At some point or another, most of us, in a moment of anger or frustration, have probably uttered a threat of some kind.

Maybe you woke up because the neighbour’s dog was barking for the third night in a row, and you told your partner you were going to “kill that dog if he doesn’t shut up.” Or maybe after a bad day at the office you told a buddy you were going to “burn that place to the ground” if things didn’t improve. Perhaps you even told a family that you’d make your ex pay for dumping you.

Unfortunately, under the right circumstances these could all be examples of uttering threats in Canada according our nation’s criminal code.

Understanding what counts as a threat and what doesn’t, and knowing how being charged under the Criminal Code of Canada for uttering threats can impact your life, is essential if you want to protect your civil rights and avoid being charged with an offence.

In this blog, we’ll be exploring the question “what is uttering threats,” looking at uttering threats examples, and considering the legal consequences a person can face if they are found guilty of uttering threats in Canada.

What is Uttering Threats?

The Criminal Code of Canada deals with uttering threats in its section on Offences Against the Person and Reputation. Technically, uttering threats is considered to be a form of assault: a person is guilty of uttering threats when they knowingly “utters, conveys, or causes any person to receive a threat.”

The Criminal Code goes on to distinguish between three distinct classes of threats:

  1. Threats to a Person: When someone threatens death or bodily harm to another person
  2. Threats to a Person’s Pet: When someone threatens death or bodily harm to a bird or animal owned by another person
  3. Threats to Property: When someone threatens to burn, destroy, or otherwise damage another person’s property (real or personal)

The most important thing to bear in mind about threats is that the threat exists in the perception of the alleged victim: it doesn’t matter whether you intended to follow through on the threat, as long as the alleged victim believed you had such an intention.

Social media has made uttering threats a particularly common type of criminal offence, especially for minors. It is all too easy to type out a callous message calling for harm to another person or their property, but if the recipient of the message fears the threat will be acted on, charges can be pressed.

A Facebook comment or Tweet that voices a threat to cause death or bodily harm can lead to serious repercussions, as in the recent case of Peter Bodnarchuk, a Winnipeg man recently charged with assault for posts he made online.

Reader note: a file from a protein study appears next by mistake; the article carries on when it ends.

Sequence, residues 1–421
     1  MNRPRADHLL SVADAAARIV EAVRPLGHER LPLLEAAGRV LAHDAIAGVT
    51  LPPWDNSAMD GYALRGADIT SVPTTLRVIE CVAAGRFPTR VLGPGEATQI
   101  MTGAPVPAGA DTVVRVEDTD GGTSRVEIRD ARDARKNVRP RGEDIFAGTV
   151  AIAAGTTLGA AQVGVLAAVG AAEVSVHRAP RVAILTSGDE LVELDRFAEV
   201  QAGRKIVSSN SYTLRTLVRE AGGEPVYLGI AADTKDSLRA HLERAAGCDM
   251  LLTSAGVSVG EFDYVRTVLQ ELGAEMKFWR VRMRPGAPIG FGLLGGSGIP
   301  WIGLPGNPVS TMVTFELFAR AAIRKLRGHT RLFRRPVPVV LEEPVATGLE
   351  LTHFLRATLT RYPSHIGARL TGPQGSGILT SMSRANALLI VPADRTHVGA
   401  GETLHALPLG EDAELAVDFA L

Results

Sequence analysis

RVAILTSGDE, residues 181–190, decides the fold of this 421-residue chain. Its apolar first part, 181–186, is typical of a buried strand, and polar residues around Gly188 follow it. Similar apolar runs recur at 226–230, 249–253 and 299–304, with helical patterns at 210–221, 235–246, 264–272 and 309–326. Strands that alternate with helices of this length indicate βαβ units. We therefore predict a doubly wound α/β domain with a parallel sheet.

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What is the Punishment for Uttering Threats?

As you might imagine, given that it is seen as a form of assault, the punishment for people convicted of uttering threats can be quite severe.

As an indictable offence, uttering threats carries a maximum prison sentence of up to five years, and even if the charge proceeds as a summary conviction, you could be looking at six months to two years behind bars. Even if you avoid jail time, you could face a fine of $5,000, and you’ll be stuck with a lifelong criminal record.

But being charged with uttering threats can have an incredibly disruptive effect on your life even if you aren’t convicted: if the judge at your probation hearing deems you a risk to others, under the probation rules in Canada you will be held in custody until the time of your trial.

This means you won’t be able to work, and can lead to you losing your job or having to give up your residence. For this reason, people charged with uttering threats in cities like Toronto need to make sure they have Toronto criminal lawyers who can represent them at their bail hearing so they can carry on with their lives while awaiting trial.

Uttering Threats Examples

One common uttering threats example is uttering threats in a domestic relationship. Arguments between partners can become heated, and occasionally one partner may fear that the other person will act on their words.

As noted above, this type of threat is considered a form of assault, and will be treated with great seriousness by law enforcement officers.

Another common uttering threats example relates to personal property. In a dispute between neighbours, one person might threaten to cut down another person’s tree if they don’t trim the branches back. While this might seem like a minor thing, if the threat is taken seriously, it can lead to criminal charges.

The above uttering threats example shows just how quickly words said in anger can lead to real-world consequences. If you have been charged with the offence of uttering threats, you’ll need the help of a criminal lawyer in Toronto who can help you explore your legal options.

The good news is that the Crown Prosecution can withdraw the charges if they feel there is insufficient evidence to convict you. In order to get a conviction, the Crown Prosecution must prove that you:

  • Uttered the threat intentionally
  • That the alleged victim received the threat
  • That you intended to cause the alleged victim to feel fear

An experienced Toronto criminal defence lawyer will try to make the case that one or more of these conditions does not apply, and that the Crown should drop the case.

Getting into a verbal altercation with someone and then finding yourself charged with a criminal offence can be a truly horrifying experience, and the stigma of being charged with assault — even if you didn’t lay a finger on the alleged victim — can have a far-reaching impact on your life.

If you want to clear your name and make sure the situation doesn’t get even more out of hand, call the best criminal lawyer Toronto has to offer: Jeff Reisman Law.